As a newspaper photographer, George Tames was a regular on Capitol Hill over a span of 40 years. He developed access to and captured the likeness of numerous members of Congress, and had his work reproduced in many influential publications. He developed a style contrary to the "herd instinct" of press photographers, demonstrating his artistic eye, sense of place, and special intimacy with his subjects. In these interviews he relates some of the stories behind his most memorable photographs and offers his perspective of the Senate through a camera's lens.
Scholarly citation: "George Tames, Washington Photographer for the New York Times," Oral History Interviews, January 1 to May 16, 1988, Senate Historical Office, Washington, D.C.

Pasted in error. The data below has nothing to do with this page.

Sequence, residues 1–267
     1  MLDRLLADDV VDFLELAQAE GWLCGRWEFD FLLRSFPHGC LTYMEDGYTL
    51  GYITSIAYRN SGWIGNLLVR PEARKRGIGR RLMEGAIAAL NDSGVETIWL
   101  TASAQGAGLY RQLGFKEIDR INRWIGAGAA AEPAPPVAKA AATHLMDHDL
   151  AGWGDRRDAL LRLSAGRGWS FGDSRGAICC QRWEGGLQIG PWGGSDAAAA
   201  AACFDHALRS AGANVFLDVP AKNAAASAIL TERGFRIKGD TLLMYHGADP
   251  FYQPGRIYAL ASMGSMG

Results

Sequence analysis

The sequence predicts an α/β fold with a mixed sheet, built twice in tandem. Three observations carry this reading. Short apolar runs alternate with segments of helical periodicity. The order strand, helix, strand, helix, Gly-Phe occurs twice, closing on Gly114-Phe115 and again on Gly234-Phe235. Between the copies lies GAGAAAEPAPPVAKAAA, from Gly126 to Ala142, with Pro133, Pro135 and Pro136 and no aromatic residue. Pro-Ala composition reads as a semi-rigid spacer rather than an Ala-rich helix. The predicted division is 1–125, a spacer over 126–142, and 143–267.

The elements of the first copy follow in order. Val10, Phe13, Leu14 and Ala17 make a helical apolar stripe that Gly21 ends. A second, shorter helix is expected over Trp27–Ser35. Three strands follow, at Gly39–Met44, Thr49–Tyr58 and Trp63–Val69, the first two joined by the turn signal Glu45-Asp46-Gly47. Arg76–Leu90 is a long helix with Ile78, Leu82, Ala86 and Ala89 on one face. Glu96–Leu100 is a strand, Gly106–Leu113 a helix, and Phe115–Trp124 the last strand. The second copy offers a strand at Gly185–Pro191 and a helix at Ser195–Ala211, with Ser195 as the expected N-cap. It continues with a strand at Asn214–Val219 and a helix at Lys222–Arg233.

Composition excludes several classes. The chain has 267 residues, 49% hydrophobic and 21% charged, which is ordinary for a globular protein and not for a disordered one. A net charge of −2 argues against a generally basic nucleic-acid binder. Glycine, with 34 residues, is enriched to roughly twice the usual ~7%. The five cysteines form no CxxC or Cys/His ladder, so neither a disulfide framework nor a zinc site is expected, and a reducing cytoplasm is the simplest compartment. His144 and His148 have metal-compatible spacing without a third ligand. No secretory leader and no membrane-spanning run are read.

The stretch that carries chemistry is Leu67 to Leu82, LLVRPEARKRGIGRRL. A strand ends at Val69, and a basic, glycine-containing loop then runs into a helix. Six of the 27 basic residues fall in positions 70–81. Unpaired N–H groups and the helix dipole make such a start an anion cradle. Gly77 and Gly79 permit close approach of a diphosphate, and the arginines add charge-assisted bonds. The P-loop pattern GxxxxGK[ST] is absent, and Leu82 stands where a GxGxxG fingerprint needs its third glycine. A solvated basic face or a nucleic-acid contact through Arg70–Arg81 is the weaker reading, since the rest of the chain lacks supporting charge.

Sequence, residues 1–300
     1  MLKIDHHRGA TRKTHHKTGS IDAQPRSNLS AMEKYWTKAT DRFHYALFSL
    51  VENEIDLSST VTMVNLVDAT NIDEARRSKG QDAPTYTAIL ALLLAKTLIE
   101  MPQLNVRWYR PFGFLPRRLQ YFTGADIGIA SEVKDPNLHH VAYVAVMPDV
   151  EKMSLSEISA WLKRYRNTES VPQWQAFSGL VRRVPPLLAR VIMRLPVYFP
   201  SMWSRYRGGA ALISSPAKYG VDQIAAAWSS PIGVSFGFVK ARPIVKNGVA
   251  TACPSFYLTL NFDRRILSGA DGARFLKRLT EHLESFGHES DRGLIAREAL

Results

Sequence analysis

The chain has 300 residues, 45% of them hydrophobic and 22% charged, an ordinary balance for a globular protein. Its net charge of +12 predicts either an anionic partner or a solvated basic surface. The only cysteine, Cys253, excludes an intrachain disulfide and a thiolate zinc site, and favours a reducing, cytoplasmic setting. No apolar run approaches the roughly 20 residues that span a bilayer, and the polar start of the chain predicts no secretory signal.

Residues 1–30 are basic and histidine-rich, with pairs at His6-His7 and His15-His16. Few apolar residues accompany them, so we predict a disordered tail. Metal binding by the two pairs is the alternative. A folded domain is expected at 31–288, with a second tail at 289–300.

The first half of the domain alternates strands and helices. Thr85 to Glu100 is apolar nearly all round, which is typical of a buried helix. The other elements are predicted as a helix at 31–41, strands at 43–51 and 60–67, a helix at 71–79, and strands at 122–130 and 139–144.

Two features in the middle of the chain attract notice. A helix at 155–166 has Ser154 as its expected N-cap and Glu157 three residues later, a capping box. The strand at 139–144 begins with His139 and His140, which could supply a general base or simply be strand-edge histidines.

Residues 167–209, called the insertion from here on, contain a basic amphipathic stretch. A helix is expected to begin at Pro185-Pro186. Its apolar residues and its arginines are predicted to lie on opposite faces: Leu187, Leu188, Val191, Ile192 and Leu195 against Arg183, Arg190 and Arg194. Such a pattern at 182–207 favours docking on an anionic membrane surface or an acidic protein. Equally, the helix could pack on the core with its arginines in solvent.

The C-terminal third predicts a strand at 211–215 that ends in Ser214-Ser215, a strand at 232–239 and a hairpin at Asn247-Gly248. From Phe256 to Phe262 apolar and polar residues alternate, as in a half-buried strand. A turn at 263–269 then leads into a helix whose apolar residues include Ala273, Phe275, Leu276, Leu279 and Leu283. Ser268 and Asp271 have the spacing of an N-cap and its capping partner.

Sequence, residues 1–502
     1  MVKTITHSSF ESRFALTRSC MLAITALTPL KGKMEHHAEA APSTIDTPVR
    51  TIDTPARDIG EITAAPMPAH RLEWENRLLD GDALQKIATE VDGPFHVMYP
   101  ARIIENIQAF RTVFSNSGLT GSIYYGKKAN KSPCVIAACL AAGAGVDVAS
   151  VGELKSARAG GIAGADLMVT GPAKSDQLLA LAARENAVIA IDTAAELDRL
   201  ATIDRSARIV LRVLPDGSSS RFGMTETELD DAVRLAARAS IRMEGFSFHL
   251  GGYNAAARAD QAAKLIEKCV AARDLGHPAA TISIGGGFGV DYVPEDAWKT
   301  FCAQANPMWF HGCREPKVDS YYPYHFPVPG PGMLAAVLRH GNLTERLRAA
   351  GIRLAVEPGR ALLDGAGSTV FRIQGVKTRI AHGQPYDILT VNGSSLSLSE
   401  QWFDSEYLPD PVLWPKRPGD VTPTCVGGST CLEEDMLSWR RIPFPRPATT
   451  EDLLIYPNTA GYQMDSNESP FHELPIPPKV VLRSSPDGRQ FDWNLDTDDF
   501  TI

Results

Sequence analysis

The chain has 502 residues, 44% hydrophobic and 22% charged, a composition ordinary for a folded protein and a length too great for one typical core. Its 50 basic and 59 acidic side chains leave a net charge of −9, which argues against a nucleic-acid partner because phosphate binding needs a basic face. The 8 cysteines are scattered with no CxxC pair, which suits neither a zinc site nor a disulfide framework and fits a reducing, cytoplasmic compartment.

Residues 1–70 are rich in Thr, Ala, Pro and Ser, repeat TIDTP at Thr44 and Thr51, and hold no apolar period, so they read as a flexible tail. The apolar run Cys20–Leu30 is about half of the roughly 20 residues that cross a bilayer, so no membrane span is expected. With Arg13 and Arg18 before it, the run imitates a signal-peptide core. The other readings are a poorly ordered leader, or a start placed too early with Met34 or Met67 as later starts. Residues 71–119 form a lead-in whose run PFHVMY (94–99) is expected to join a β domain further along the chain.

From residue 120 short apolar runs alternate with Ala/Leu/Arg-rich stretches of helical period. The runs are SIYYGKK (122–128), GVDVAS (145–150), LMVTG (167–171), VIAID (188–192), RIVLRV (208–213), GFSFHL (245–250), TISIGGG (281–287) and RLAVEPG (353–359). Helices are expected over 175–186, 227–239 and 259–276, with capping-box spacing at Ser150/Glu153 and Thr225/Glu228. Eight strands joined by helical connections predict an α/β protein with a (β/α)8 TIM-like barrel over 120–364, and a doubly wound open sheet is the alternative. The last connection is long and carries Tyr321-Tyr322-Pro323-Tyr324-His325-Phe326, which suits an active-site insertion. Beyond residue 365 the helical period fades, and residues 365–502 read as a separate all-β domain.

Disclaimer: The Senate Historical Office has a strong commitment to oral history as an important part of its efforts to document institutional change over time. Oral histories are a natural component to historical research and enhance the archival holdings of the Senate and its members. Oral histories represent the personal recollections and opinions of the interviewees, however, and should not be considered as the official views or opinions of the U.S. Senate, of the Senate Historical Office, or of other senators and/or staff members. The transcripts of these oral histories are made available by the Senate Historical Office as a public service.